On some Ford Mustangs, the rear sealing boot on the parking brake cable can perish prematurely, which then allows in water, which then freezes when winter arrives, and which then causes the rear brakes to drag. This is (quite literally) a real bind, because not only will it cause the brakes to wear out prematurely, but it will also slow your Mustang down and cause it to use more fuel (and nobody needs that in today’s world).

If one of the two parking brake cables is seized, you’ll need to replace both. The good news is that this is actually a comparatively straightforward task that the home mechanic should be able to accomplish in an afternoon, especially with the Haynes Mustang manual at your side.

So buy some new cables, find the right chapter, get the spanners out, and off you go. You’ll save yourself hundreds of dollars.

Does the Ford Mustang Mk5 have fuel gauge problems?

Some Ford Mustangs have a fuel tank and fuel gauge sender system that is sensitive to the amount of sulfur in fuel. If there’s too much, the MIL (malfunction indicator light) will illuminate. At this point, if you plug in a fault code reader, you’ll likely see the code P0463.

If it does, you’ll need to replace both the fuel level sensor and the sender assembly (part nos: 7R3Z-9A299-C and 7R3Z-9275-C).

This entire procedure is covered in some depth in your Haynes Mustang manual, so don’t be afraid. Just make sure you follow all safety advice to avoid any possibility of combustion – that would be bad.

Ford Mustang Mk5 common problems

Does the Ford Mustang have rattling problems?

How deeply uncool would it be if the rumble from the engine of your Ford Mustang was drowned out ever so slightly by a rattle or chuckling noise from the front suspension. “Is that my car laughing at me? I must try harder.” But no, there’s no humour here, just faulty front suspension strut mounts that cause a resonance between the strut and the car’s body.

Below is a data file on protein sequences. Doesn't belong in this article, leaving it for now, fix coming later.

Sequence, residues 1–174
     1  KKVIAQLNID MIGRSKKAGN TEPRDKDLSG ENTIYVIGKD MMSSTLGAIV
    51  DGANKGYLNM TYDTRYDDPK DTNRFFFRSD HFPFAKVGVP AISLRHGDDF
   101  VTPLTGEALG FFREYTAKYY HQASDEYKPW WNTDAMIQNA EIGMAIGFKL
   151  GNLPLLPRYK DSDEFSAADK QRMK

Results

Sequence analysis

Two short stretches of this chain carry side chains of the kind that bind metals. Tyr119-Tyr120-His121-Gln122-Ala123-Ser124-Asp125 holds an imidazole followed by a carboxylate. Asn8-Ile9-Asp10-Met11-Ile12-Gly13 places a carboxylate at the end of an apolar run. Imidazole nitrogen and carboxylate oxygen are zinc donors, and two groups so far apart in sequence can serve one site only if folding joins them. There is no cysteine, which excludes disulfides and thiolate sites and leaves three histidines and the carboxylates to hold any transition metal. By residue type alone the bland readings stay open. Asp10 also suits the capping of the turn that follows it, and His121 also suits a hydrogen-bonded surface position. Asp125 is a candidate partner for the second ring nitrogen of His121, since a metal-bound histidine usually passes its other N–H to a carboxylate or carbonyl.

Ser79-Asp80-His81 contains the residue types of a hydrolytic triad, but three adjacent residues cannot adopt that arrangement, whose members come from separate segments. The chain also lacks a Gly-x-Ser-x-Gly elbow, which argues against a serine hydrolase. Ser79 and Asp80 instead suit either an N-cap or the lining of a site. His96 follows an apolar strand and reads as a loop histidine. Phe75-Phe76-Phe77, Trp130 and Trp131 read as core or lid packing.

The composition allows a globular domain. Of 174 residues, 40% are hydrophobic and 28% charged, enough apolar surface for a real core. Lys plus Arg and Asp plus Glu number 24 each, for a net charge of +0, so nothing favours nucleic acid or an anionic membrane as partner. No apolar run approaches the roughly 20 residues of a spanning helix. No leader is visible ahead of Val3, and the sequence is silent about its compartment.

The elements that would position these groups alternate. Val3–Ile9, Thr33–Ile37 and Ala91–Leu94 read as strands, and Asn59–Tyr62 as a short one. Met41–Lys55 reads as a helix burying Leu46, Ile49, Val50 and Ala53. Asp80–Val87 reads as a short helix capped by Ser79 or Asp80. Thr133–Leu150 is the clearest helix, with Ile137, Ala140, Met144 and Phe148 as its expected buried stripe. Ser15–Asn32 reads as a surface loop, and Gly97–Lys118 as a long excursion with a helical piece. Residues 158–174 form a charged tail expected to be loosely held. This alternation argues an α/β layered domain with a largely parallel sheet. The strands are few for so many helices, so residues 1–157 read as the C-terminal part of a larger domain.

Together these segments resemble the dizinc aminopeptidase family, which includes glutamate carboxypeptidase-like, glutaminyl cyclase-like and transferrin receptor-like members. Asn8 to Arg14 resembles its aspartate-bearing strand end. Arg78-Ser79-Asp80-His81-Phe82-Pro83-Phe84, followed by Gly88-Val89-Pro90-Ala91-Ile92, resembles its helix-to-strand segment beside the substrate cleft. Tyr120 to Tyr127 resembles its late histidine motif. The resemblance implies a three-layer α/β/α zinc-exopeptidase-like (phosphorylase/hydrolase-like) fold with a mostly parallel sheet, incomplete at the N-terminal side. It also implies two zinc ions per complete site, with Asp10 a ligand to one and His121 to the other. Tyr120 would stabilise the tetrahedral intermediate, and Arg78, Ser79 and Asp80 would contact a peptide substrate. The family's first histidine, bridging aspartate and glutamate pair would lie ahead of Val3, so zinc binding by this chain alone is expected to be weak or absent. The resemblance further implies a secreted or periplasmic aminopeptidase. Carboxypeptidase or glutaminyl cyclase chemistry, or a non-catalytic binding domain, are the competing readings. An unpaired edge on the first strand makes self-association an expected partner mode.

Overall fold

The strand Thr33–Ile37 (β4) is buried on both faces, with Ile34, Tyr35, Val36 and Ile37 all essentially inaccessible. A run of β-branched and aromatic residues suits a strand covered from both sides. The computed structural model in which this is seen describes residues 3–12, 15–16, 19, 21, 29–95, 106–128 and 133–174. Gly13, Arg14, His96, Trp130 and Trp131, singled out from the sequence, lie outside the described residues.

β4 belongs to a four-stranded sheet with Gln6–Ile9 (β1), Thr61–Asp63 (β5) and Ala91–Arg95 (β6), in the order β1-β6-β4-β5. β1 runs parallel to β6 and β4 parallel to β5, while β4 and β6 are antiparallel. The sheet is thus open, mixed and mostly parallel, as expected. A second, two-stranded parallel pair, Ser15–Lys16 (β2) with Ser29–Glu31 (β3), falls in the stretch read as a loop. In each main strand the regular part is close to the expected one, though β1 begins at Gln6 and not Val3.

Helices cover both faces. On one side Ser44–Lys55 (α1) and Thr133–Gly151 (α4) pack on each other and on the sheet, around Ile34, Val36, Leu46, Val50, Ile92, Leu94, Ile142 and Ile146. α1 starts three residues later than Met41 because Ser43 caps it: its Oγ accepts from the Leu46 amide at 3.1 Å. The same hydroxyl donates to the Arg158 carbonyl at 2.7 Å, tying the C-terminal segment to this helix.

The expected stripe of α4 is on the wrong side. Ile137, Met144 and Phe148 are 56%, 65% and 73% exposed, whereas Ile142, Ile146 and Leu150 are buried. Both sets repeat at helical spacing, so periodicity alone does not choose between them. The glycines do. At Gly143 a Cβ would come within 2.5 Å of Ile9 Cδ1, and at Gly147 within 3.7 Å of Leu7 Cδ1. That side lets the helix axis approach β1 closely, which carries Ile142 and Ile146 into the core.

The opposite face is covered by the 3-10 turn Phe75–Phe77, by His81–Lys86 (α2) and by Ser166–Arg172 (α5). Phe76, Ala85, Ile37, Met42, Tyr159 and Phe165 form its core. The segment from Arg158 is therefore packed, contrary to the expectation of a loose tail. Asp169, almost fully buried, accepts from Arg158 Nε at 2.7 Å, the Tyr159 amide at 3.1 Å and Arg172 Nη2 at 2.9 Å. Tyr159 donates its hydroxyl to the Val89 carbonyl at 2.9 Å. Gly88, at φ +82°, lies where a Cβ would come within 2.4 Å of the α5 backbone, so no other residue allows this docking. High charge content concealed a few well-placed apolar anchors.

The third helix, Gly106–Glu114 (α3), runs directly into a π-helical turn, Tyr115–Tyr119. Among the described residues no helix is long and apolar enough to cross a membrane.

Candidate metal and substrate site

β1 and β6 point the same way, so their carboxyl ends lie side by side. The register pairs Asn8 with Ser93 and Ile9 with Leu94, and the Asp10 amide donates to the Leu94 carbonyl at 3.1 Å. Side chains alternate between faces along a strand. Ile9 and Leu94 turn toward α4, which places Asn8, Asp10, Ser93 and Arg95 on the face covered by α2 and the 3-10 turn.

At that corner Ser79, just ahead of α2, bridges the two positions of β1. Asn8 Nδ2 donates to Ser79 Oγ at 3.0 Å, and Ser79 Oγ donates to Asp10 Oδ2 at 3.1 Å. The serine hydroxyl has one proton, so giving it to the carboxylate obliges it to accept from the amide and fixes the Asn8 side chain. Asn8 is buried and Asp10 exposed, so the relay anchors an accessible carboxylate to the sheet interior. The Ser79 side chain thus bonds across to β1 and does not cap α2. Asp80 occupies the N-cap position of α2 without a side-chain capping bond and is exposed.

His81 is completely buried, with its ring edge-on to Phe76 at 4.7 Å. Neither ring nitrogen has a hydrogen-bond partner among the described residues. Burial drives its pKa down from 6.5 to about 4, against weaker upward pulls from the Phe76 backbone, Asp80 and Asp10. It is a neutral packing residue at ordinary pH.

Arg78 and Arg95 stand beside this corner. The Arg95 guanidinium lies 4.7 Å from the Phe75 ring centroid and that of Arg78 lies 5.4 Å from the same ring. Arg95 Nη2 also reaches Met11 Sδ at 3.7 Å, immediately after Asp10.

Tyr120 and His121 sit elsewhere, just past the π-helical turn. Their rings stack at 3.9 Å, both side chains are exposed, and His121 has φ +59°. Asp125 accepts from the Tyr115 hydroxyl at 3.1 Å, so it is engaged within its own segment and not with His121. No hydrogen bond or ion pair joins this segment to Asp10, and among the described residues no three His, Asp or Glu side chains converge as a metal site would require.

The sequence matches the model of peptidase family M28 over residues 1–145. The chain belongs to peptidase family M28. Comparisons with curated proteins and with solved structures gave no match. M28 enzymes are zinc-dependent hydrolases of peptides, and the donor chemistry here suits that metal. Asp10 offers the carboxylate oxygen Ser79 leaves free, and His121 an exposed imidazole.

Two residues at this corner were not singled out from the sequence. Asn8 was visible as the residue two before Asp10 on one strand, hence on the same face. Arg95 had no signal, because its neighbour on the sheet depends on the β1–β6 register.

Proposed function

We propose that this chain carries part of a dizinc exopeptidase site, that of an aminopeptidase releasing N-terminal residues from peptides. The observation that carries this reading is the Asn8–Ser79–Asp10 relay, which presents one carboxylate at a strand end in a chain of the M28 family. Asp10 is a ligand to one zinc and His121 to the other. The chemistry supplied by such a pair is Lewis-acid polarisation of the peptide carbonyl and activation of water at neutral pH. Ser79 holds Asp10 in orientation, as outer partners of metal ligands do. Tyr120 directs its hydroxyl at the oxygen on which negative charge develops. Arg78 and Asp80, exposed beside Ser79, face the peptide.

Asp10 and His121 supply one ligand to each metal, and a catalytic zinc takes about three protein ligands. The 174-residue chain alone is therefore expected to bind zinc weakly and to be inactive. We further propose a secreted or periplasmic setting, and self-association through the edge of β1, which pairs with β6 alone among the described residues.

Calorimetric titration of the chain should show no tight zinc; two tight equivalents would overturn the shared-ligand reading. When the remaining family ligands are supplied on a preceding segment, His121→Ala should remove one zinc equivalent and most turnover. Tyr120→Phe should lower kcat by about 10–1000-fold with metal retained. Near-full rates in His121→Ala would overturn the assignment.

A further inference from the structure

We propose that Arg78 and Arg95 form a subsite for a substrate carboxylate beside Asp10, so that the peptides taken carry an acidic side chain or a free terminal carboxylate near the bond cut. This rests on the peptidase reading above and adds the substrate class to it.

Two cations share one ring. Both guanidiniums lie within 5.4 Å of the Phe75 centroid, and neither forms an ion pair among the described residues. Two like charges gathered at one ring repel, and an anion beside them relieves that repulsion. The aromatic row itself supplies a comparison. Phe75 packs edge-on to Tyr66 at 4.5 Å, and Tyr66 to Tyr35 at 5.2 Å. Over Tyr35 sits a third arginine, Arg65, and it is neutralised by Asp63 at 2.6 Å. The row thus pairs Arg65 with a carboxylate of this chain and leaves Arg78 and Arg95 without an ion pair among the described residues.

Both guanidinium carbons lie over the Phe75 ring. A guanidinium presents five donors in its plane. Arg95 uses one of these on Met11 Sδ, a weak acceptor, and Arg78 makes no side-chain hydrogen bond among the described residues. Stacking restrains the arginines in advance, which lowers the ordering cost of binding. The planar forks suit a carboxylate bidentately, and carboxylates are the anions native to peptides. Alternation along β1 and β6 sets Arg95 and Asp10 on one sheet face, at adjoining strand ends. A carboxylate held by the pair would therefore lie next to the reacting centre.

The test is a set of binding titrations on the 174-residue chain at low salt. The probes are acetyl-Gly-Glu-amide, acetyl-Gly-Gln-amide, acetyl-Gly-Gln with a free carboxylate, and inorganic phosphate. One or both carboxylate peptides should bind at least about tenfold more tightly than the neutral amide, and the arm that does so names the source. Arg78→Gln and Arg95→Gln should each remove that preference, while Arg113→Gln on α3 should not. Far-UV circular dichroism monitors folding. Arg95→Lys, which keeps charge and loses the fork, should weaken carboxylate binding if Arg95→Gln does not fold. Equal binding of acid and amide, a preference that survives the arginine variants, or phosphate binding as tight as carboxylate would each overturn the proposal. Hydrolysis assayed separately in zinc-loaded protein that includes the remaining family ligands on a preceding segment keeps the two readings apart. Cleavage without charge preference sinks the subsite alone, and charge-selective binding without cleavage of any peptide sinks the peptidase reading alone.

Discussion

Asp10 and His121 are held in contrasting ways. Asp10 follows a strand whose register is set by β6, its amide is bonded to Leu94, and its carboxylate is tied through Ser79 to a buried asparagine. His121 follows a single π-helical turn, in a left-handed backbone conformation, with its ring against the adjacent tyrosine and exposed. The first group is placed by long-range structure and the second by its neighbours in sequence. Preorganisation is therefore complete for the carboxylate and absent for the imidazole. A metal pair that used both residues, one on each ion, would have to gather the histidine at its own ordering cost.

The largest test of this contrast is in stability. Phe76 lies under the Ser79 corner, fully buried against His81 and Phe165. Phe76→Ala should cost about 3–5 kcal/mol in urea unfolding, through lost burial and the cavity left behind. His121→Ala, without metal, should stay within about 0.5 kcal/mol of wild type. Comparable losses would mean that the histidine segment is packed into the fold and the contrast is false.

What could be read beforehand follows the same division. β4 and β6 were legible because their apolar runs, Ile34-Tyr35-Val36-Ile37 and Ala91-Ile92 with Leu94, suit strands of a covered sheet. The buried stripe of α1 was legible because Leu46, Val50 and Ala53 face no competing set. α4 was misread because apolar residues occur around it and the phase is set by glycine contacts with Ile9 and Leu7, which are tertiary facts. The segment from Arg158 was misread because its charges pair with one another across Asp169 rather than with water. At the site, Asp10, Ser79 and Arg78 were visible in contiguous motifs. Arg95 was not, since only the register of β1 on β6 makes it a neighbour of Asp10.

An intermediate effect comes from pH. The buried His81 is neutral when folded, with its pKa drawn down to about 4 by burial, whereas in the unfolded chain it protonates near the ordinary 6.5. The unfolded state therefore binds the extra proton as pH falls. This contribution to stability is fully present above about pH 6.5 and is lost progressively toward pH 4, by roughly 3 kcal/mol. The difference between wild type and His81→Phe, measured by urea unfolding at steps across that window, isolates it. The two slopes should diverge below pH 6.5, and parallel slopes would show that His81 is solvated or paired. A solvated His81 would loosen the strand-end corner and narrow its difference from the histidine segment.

Fortunately, someone at Ford decided people wouldn’t see the funny side in a chuckling noise and designed a new strut mount to stop it happening.

And fitting the new mounts is a pretty easy job, as long as you have the right tools and your Haynes Mustang manual alongside, to give you advice and tacit moral support.

Ford Mustang common problems solved with Haynes

Does the Ford Mustang have whining problems?

Picture the scene. It’s sunny, you’ve found an open road through some stunning scenery, the tank’s full and… can you hear that? All of a sudden there’s a whining noise from behind. You don’t have children, so it can’t be that. No, it’s the rear axle of your Mustang, which is known to emit a loud whining noise on some examples.

However, the good news is that Ford has come up with tuned dampers (part no: 5R3Z-3C246-A) for the rear axle that should get rid of the whining noise. You’ll just need to jack the car up, set it on jack stands (safety first) and install the dampers yourself. Any car built after 11/15/2004 will already have the required damper mounting holes, so no drilling will be required.

Just make sure you follow the procedure in your Haynes Mustang manual for raising the car safely and then follow the instructions on where to install the dampers on the rear axle.

And once you’ve saved the money by doing it yourself, you’ll be able to spend it on fuel for that next trip into the magnificent countryside.